Rover Curiosity Leaves Wheel Tracks on Mars During Test Drive

Curiosity went forward, back, then turned itself around before ending up in a new Martian parking spot

By Jonathan Lloyd
|  Wednesday, Aug 22, 2012  |  Updated 1:02 PM PDT
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Curiosity Rover Lands on Mars

NASA

Wheel tracks are seen on the Martian surface in this picture from rover Curiosity.

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Curiosity Propelled by LA-Made Nuclear Pack

NASA's Curiosity rover is powered by a nuclear power-pack built by Pratt and Whitney Rocketdyne in Canoga Park. Plutonium-238 powers the cameras and instruments on the rover, which is embarking on NASA's most sophisticated and complex mission yet. Conan Nolan reports from Canoga Park for the NBC4 News at 5 p.m. on August 20, 2012.
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A nearly 25-foot long test drive of the rover Curiosity Wednesday left wheel tracks on a few feet of the planet's rocky surface as mission engineers prepared for longer journeys that might reveal whether life could exist on Mars.

The rover, which landed on Mars Aug. 5, went forward about 15 feet, rotated 120 degrees, then reversed about 8 feet. It ended up about 20 feet from its landing site -- named Bradbury Landing in honor of author Ray Bradbury -- in Gale crater.

"Wheel tracks on Mars,'' Jet Propulsion Laboratory engineer Allen Chen tweeted. "The EDL (Entry, Descent and Landing) team is finally done. Congrats to the mobility and surface teams!''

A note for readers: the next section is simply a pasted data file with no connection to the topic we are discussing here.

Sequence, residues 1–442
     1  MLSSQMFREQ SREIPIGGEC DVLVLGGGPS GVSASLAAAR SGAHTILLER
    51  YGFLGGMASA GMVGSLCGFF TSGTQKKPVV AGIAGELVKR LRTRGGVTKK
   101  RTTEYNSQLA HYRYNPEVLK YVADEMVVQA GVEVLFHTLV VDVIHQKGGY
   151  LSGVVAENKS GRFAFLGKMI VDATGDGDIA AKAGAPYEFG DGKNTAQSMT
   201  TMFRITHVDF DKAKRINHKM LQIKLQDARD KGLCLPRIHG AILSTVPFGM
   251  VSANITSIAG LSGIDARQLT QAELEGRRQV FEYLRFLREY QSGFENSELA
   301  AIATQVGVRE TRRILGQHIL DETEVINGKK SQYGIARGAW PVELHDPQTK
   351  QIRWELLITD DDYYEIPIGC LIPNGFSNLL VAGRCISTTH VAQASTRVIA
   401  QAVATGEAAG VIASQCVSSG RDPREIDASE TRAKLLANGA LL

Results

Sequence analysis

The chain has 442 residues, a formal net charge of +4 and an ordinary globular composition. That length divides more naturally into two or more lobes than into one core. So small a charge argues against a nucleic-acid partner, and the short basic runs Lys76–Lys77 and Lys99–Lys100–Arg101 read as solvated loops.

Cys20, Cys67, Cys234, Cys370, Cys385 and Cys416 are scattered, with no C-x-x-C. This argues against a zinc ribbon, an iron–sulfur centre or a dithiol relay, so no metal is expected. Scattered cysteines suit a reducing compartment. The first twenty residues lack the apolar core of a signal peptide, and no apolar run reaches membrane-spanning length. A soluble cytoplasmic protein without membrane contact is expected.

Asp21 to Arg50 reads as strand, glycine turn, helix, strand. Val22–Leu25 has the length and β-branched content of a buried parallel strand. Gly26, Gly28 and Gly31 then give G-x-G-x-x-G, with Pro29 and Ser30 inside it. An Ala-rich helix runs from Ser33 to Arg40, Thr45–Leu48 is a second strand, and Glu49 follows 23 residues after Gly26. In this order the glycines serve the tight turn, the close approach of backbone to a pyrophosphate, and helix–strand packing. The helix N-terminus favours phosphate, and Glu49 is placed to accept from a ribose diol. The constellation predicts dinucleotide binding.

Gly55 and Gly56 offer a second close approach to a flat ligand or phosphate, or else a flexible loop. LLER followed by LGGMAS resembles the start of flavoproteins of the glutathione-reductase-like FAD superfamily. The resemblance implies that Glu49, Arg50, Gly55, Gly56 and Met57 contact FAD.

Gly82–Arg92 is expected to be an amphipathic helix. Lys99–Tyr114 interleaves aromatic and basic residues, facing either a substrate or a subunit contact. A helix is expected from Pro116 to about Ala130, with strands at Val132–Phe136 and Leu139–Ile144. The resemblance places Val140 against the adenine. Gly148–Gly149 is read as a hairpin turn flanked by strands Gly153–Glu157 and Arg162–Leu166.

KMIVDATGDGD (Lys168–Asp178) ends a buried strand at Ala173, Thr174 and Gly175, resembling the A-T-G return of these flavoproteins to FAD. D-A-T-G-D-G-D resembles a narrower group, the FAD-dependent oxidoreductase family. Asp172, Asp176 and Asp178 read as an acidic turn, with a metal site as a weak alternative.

Chen also tweeted an image of the tracks.

The wheel marks are not far from scour marks left by the rover landing craft's thrusters. The thruster marks can be seen to the left and right of the wheel tracks in a 360-degree panorama image pieced together from Curiosity's snapshots.

On Tuesday, engineers conducted a "wheel wiggle" test to determine whether the rover's steering works properly. The right rear wheel -- made of aluminum -- was turned side-to-side in a test captured on a camera atop the rover.

Engineers also have tested Curiosity's robotic arm and laser, used to zap rocks. The 7-foot arm is equipped with a serious tool kit -- a drill, scoop, spectrometer and camera -- that will be used to collect soil samples.

Most of the rover's first 2 1/2 weeks on Mars involved testing its many components. During the tests, engineers discovered damage to a wind sensor.

The damage might have occurred when thrusters kicked up pebbles during Curiosity's landing in a crater. A second sensor should provide enough information for scientists.

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